5 new books on climate, memoirs, police, poetry, art

What can we learn from the mistakes of the past to prevent today’s and future environmental disasters? That’s the question a Massachusetts Maritime Academy professor asks in her recent acclaimed book.

Topics in other new books in this series are very diverse, including a nostalgic fictional review of crime solving in the small town of Cape; the woman’s search for her birth mother and the unusual ending of the romance; songs about Cape Cod and a woman’s life; and an anthology of poetry and art that offers creative perspectives.

Consider looking at one of these books by local writers:

“Dysasterology: Messages from the First Line of the Climate Crisis,” Samantha L. Montano

“Disasterology: Dispaches from the Frontlines of the Clima Crisis”, Samantha L. Montano; 2021, Park Row Books

This book by Montana, an assistant professor in the Department of Energy Management at the Massachusetts Maritime Academy in Buzzards Bay, has been described as “partly memoirs, partly expert analysis”, offering a warning story about today’s environmental disasters and those looming in the future largely due to climate change and ecosystem disturbances. Montano explains the perspective of emergency management of some of the worst disasters in the country – including the COVID-19 pandemic – and discusses shortcomings in prevention and preparedness in the past. “Disasterology” was named one of the best books of 2021 by USA Today and National Public Radio “Science Friday”. Earlier this year, Montano was a keynote speaker at the MIT Water Summit, which includes water management and ways in which coastal communities can become more resilient.

More ideas:Spring Reading: History, Fantasy among 5 new books by Cape Cod

“The Short Affair,” Dale Foley; 2022, Page Publishing Inc.

These memoirs are the first for Foley, a Falmouth resident who tells her story of finding and meeting her birth mother. This is what she considers extraordinary, and includes a stay at a small church in New England in 2017 to witness the birth of her birth mother – then in her mid-80s – for a man whose heart she broke 62 years ago when she became pregnant with another male child. Foley was adopted as a child and grew up in what she describes as a “warm, caring atmosphere of a loving family,” although she revealed much about herself and her families when she and her birth mother reunited.

“Broadsided Press: Fifteen Years of Poetic and Artistic Collaboration, 2005-2020,” edited by Elizabeth Bradfield, Alexandra Teague, and Miller Oberman; 2022, Provincetown Arts Press

Based in Trour, Broadsided Press was founded by Elizabeth Bradfield, a four-book Truro poet who teaches at Brandeis University, to, according to the Provincetown Arts Press, “bring free, accessible poetry and art to the public, encourage creative collaboration between artists and writers and publish digital versions of the resulting contributions for everyone to view, download, print and publish (online and in print). ”Over the years, there have been more than 300 pages created by contemporary artists and poets, many from Cape and many nationally. famous. This anthology collects 50 for the first time in book form, along with artist / writer questions and answers and photographs. The anthology aims to celebrate “the power and synergy of poetry and art in public spaces,” with the goal of inspiring people to transfer poetry and art to their communities. Prominent writers include Jericho Brown, Douglas Culhane, Jill Ozier, Danez Smith, Joan Naviyuk Kane, Millian Gian Pham and Ilya Kaminsky.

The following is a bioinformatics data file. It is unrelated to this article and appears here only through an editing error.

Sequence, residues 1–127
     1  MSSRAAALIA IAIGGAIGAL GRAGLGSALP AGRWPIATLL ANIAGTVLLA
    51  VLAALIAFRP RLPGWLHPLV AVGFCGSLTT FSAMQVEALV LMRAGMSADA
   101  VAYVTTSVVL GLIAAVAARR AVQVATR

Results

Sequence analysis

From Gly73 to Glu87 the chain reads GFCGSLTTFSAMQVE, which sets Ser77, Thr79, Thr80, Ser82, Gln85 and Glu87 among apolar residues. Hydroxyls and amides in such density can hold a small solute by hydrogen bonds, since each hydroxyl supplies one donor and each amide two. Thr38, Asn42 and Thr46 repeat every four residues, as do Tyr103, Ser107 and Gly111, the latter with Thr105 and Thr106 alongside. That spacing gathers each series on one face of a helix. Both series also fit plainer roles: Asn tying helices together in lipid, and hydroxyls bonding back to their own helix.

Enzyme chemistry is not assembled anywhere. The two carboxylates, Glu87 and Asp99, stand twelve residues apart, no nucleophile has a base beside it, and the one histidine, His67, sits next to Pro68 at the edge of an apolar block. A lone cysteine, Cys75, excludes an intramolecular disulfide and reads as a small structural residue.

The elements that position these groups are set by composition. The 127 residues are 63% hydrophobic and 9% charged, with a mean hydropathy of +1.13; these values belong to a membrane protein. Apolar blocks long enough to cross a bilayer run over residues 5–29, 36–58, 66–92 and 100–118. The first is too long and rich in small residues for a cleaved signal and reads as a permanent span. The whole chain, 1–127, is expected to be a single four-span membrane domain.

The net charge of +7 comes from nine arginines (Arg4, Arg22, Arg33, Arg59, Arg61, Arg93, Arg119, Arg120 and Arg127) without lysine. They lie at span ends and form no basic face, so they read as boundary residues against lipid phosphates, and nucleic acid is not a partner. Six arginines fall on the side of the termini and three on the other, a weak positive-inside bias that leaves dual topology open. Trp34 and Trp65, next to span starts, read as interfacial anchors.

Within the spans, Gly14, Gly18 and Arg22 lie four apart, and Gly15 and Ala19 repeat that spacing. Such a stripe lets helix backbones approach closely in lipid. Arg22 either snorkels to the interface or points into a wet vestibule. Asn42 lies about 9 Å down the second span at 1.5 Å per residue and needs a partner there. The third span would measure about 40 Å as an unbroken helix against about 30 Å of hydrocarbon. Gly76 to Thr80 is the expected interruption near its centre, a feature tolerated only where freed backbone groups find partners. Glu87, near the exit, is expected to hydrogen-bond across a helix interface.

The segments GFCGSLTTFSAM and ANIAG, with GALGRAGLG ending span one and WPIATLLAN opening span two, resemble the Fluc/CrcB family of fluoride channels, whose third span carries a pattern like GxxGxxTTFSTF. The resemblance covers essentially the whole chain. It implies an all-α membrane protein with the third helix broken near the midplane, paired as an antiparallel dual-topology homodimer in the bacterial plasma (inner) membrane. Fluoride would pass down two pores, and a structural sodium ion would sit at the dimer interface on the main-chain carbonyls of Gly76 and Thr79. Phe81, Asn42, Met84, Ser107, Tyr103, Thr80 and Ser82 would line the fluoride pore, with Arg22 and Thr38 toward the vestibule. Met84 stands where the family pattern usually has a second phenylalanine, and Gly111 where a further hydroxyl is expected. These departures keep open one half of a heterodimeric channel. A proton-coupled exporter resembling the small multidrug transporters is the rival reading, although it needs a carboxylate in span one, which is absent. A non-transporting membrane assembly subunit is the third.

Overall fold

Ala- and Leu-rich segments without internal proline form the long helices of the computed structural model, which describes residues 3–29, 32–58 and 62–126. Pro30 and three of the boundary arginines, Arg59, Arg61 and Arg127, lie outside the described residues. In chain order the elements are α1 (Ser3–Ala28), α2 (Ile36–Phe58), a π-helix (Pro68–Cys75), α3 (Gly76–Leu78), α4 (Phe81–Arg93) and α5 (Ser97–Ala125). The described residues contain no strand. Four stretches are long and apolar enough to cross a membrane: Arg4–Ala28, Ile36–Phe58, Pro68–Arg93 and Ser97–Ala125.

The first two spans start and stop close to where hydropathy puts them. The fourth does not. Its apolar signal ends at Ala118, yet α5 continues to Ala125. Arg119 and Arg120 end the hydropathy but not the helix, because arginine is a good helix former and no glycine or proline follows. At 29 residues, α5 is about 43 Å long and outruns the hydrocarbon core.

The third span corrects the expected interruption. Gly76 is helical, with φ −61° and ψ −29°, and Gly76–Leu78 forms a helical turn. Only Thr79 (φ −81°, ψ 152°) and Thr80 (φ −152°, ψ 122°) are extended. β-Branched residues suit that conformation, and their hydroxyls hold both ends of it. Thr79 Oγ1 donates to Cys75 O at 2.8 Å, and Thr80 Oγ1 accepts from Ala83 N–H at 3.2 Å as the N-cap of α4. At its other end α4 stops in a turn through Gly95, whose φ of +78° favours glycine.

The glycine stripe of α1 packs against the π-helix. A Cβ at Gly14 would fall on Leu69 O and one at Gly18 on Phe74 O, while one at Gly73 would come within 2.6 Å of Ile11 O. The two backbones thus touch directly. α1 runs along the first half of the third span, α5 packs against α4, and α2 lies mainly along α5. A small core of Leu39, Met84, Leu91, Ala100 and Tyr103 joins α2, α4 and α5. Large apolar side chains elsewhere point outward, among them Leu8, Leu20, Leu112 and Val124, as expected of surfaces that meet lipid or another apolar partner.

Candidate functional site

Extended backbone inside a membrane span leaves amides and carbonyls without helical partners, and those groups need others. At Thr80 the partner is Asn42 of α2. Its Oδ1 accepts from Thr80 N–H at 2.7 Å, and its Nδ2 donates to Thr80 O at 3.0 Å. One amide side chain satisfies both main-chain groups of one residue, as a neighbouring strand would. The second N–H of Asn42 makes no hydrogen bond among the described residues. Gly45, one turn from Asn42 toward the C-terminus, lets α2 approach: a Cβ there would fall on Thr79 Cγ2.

New this month:‘Gomovi’: Cape Coda author Lauren Wolk launches sequel to ‘Wolf Hollow’

“Winter at the Summer House,” Mary Beth Hines

“Winter at the Summer House”, Mary Beth Hines (2021, Kelsay Books)

Many of the poems in this first Hines collection are set on Cape, inspired by the past lives of Reading residents in Yarmouth and many visits to parents who have called Cape home for decades. The book is dedicated to her parents. Titles include “Truth or Dare On the Bass River Bridge,” “Marconi Beach,” “Scargo Tower in December,” and the title track about the house on Cape. But there are also more universal themes like “Wedding Dance” and “First Love”. Much of her paintings evoke the sea and the people around it, while others explore different periods in a woman’s life and everyday experience. There are a total of 49 poems, many of which have been previously published, sometimes in different versions, in various literary magazines.

Just launched:‘Summer Love’: 7 questions for Nantucket author Nancy Thayer about her new beach read

“Hurricanes and Blaises and Other Stories,” Mark Aitchison

“Hurricanes and Blaises and Other Stories”, Mark Aitchison (2021, independent published)

This fifth collection of Aitchison stories, which lives in Orleans, is located in the city in the 1950s and 1960s, and features a well-meaning police chief named Joe Mayo and his daughter Nancy, who investigate and solve various unusual cases – with the help of a retiree veterinarian, mentor and part-time medical examiner Doc Sanders. Problems behind the crime include weapons in schools, adulthood, the opiate crisis, child abductions, green politics and sharks. “These are stories set in the past, but with meaning in the present,” says Aitchison, noting in his book that Mayo stories are “lessons of love, expressing a desire for cooperation and fellowship between generations,” set in (albeit) idealized, though not unthinkable, a world this writer, for example, would like to return to. ” The book includes a photo of the real Orleans police chief of the time, Chet Landers and his daughter Carole, plus it has a cover photo of a 1946 Chevrolet Fleetmaster police car that is often seen around Orleans at parades and other events.

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